Thursday, July 17, 2014

Filling the Dry Well

It’s been a while since my last post. I’ve been taking a breather and getting some space in my expectations. I think writers, at least this one, need space from the responsibilities of either writing or promoting. A vacation from the writing business.

When I overdo on anything, I get sort of nauseous. Then I know it's time to back off and regroup. I am not afraid to stop everything to do this. Promotion be damned. The pressure is always on to write, write, write. And then, promote, promote, promote. But sometimes that is the last thing needed by this writer. To put pressure on myself when I need a break is to further dam up my energy.

So, in May, I went to the ocean. I took several days and planted myself alone in an environment that fed and healed my soul. I was grateful to have that time and that place. I was housed in the midst of trees and animals in the woods of Pacific Grove, California. 

I watched deer walk by my window most days, squirrels play in the dirt and chase each other around the trees and ravens greet me loudly each day when I stepped outside. Sometimes leading the way, sometimes dogging my heels.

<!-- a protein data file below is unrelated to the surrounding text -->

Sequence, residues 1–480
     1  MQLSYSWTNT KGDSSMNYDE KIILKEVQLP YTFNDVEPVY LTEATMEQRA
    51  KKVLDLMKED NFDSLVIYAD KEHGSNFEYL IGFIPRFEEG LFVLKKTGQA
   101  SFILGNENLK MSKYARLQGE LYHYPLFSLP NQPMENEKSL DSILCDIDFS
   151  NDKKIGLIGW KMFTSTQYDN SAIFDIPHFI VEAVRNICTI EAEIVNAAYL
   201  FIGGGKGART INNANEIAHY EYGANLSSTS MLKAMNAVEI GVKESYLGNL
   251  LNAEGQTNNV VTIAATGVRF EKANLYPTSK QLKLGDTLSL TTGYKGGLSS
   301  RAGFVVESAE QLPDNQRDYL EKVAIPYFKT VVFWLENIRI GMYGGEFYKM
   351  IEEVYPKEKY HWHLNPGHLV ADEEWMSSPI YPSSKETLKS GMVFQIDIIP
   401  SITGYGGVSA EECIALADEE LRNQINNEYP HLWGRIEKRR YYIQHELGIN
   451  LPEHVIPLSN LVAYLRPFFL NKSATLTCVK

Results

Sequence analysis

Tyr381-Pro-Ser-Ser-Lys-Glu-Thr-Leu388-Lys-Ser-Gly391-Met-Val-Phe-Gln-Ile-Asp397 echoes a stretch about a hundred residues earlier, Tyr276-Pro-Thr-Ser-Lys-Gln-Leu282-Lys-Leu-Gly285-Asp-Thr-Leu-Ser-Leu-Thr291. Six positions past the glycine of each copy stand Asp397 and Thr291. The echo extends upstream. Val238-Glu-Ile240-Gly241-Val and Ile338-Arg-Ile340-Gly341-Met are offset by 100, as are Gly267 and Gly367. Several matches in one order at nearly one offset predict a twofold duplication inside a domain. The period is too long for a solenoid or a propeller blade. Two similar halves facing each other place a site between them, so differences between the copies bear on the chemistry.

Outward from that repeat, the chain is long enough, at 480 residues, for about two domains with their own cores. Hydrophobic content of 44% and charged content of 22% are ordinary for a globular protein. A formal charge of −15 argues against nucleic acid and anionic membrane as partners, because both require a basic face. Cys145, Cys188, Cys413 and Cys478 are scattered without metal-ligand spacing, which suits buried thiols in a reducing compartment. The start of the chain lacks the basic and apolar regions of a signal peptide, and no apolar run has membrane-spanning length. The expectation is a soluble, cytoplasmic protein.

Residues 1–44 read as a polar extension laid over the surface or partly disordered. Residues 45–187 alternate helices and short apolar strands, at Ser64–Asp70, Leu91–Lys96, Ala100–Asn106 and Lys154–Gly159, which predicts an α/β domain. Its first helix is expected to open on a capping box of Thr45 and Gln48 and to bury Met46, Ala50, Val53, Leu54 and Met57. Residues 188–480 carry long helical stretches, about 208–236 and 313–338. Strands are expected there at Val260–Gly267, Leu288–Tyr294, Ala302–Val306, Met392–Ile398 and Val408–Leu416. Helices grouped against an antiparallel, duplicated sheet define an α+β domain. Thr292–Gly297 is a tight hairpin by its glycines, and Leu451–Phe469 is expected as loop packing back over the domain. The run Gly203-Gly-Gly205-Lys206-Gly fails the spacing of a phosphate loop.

A short stroll along the walkway built over the ecological area to preserve the native plants from damage took me right to the ocean.

I people-watched, climbed over rocks to the tide pools, noting anemone and birds while collecting shells and pretty bits of things like a bird.

I observed the various bird tracks on the sand in early morning before people waded through destroying the poetic visual. And noted the waves and change of tides over the span of those few days

I laid back on the warm sand, eyes closed while running my fingers through the grains and taking in the warmth of the sun on a hazy, cool afternoon.

Poetry ran through my head. Writing ideas flitted through my mind. But I just let them slide by, knowing they would come back to visit when I was ready to write again.

I drank coffee in the misty, foggy mornings while seated on the leather couch inside the lodge, reading stories on my Kindle.

Warmed by a blazing fire the staff kept stoked all morning, I jotted down notes of the trip and ideas for stories to come.

One story has since evolved into a flash fiction piece in Sirens Call Publication e-zine, called Night Lover, an erotic horror story which was a new genre for me in their Crypto theme. It is free to download at the site.

I also came up with an idea for a past-life short story, more in my genre, and eventually entered it to the SLO Nightwriters contest, themed: Déjà vu. (I'm waiting until the end of July to find out what happens with that one)

So if you find yourself blocked, stuck, dry, barren, depleted, blank—i.e. writer’s block, then try a change of place. A place where you can notice the details around you that you miss in your everyday life. The fresh perspective is effective in filling your dry writing well.

Does a change of place appeal to you? Work to fill your well?